PORT HAWKESBURY: The province is sending in a mobile testing unit after a positive COVID-19 case was connected to SAERC, and potential exposure advisories were issued for local businesses.
On April 27, the province announced that the Strait Area Education Recreation Centre (SAERC) in Port Hawkesbury is the latest school in Nova Scotia that has been linked with a recent positive test for the novel coronavirus.
While SAERC moved to at-home learning, along with all public and private schools across Nova Scotia, the province said it will undergo a deep cleaning.
The province said public health will be in touch with any close contacts of positive cases and advise of next steps, including testing. Everyone who is a close contact will be notified, tested and asked to self-isolate for 14 days, they said.
“Our routine is always that if we have a case, we first of all, work to identify who the close contacts of that case were, and if we can identify those close contacts directly, then we don’t need to do a public notification,” Dr. Robert Strang, Nova Scotia’s Chief Medical Officer of Health said. “In Port Hawkesbury, and any other areas outside of Halifax, if there is the need to do a public notification even with a low risk exposure, we’ll put that information out.”
Public health is recommending that all students and staff be tested, but no self-isolation is required, unless people have been identified as a close contact by public health or have symptoms.
“If people have been identified as a contact, they need to isolate at home, which means that they have to be separated from the rest of the household, in individual bedrooms, there can be a shared bathroom but with cleaning protocols… meals at the door, those kind of things,” Dr. Strang told The Reporter. “If that’s not possible, then public health will be aware of these people who are close contact. We have support; housing and income support, if necessary, for families, to allow people to quarantine as appropriate.”
Information about all COVID-19 cases connected to public schools can be found at: https://www.ednet.ns.ca/backtoschool/case-info.
The Nova Scotia Health Authority (NSHA) also issued potential COVID-19 exposure advisories on April 27.
This applies to anyone who was at Miller’s Restaurant in the Maritime Inn in Port Hawkesbury on April 21 between 4-7 p.m. and April 22 between 4-6:30 p.m. The NSHA said it is anticipated that anyone exposed to the virus at this location on the that date may develop symptoms up to, and including, May 6.
“We’ve just been notified that we had a couple of potential COVID exposure windows at our restaurant last week, and wanted to get the word out as quickly as possible,” Miller’s Restaurant posted on its Facebook page March 27. “Our staff are making appointments to be tested and won’t return to work until they have their negative test results back. We’ll also take this opportunity to do a deep clean of the restaurant before reopening for take-out service.”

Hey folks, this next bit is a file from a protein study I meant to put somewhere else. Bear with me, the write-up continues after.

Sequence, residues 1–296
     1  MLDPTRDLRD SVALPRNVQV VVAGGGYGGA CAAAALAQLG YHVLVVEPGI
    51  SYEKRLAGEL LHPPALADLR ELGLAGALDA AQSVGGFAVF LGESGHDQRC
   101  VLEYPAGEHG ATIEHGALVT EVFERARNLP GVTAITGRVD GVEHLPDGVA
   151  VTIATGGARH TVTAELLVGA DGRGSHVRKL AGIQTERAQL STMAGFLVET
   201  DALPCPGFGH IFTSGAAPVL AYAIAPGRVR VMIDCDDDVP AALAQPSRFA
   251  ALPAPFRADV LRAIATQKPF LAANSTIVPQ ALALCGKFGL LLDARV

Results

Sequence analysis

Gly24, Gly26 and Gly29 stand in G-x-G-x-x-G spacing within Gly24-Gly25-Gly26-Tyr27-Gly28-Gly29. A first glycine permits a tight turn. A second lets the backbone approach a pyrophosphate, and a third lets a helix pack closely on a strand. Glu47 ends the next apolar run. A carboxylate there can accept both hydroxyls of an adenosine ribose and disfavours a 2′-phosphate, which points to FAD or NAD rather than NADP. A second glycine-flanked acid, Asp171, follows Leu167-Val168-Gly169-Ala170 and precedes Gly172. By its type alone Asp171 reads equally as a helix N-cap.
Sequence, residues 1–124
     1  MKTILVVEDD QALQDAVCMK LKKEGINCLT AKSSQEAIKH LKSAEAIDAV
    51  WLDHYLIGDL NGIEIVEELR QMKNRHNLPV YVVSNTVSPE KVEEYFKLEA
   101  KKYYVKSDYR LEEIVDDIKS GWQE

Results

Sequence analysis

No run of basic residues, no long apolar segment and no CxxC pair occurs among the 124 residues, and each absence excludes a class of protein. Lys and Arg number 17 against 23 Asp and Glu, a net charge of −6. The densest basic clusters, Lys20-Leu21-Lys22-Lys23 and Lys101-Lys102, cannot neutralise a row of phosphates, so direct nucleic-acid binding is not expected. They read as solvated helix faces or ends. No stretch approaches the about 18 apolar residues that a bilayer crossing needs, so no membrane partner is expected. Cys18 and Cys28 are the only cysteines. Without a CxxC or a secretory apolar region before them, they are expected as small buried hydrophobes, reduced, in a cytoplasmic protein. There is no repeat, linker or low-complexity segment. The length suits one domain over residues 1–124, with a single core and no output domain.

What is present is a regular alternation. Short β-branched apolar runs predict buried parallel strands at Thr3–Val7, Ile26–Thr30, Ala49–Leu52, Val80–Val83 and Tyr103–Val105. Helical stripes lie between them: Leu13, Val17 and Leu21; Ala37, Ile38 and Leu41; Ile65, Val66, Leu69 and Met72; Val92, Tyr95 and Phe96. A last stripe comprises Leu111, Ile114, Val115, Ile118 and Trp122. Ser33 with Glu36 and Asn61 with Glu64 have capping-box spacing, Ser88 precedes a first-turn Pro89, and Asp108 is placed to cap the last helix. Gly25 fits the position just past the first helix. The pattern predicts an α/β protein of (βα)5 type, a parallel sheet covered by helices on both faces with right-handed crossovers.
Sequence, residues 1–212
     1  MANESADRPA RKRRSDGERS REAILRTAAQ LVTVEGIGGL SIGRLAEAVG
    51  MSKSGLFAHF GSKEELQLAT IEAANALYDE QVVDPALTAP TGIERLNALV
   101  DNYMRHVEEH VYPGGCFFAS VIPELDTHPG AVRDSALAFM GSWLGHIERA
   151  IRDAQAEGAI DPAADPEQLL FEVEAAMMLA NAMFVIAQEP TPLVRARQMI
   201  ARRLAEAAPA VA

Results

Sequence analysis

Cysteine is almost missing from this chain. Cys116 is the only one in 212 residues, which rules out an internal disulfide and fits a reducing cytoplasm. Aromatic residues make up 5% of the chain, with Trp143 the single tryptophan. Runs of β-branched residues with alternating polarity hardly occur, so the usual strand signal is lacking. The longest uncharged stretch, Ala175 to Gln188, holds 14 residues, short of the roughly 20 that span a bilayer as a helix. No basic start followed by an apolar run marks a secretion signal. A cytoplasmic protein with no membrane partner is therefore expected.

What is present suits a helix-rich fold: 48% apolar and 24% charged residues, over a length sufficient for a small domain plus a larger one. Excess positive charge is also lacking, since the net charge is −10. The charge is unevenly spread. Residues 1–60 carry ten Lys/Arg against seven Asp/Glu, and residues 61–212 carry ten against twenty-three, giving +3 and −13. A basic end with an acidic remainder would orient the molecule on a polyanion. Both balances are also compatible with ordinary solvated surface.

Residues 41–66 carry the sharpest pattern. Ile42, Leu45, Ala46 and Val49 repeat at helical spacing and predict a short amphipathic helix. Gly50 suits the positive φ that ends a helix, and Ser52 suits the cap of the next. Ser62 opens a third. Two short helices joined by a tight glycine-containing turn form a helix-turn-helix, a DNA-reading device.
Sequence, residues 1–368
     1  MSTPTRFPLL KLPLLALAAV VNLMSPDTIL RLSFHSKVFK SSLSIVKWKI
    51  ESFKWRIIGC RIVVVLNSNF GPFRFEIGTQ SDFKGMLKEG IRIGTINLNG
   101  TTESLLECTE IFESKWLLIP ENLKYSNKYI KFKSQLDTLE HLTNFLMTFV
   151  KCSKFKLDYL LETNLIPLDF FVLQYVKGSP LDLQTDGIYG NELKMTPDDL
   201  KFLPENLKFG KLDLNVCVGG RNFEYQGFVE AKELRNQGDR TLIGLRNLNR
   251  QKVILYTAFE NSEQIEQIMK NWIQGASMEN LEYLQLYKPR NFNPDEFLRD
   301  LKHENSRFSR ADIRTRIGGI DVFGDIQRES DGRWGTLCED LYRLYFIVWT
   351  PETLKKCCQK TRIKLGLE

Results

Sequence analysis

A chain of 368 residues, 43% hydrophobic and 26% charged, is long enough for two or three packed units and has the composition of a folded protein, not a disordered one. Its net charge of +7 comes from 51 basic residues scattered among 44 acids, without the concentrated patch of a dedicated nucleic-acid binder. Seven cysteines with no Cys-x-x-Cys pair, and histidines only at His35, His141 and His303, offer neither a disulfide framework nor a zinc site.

The NSHA advisory also includes anyone who was at The Carriage House in Port Hawkesbury on April 22 between 6 p.m. and 10 p.m. Anyone exposed to the virus at this location on the named date may develop symptoms up to, and including, May 6, the NSHA noted.
“We are calling all the people on our contact tracing list to inform them of the potential exposure. Our staff are making appointments to be tested and won’t return to work until they have their negative test results back. We also will be closed for a two week period and we’ll also take this opportunity to do a deep clean of the business before reopening,” The Carriage House posted on its Facebook page on March 27.
The adjacent China King Restaurant also made a post on its Facebook page the same day.
“Due to the exposure at The Carriage House, my family and I have decided to close the restaurant as a precaution. Public health has not contacted us with (any) concerns but we feel we should close to protect our family, staff and patrons. We will all get tested and deep clean the restaurant and once all this has been done we will reopen for takeout.”
Regardless of whether or not there are COVID-19 symptoms, the NSHA said those at those locations on those dates and times are required to self-isolate while waiting for their test result. Those who get a negative result, do not need to keep self-isolating and those who get a positive result will be contacted by public health about what to do next, the NSHA added.
The Public Health Mobile Unit will be at the Port Hawkesbury Civic Centre this week, with appointments available at: https://www.nshealth.ca/coronavirustesting?fbclid=IwAR2emGrxJlEiDBKTnzNcKHK3NrURdf-pK6UZJJOD2UESGhpgL3axTsr_ogA.
The Town of Port Hawkesbury also issued a press release on April 27 announcing that the Port Hawkesbury Civic Centre will be closed for two weeks. The town said this closure includes town offices, Body ‘N Soul Fitness Centre, the Eastern District Planning Commission office, Strait Area Transit, the walking track, and the arena.
The town said it continues to follow all provincial COVID-19 directives, and further updates will follow in the coming days.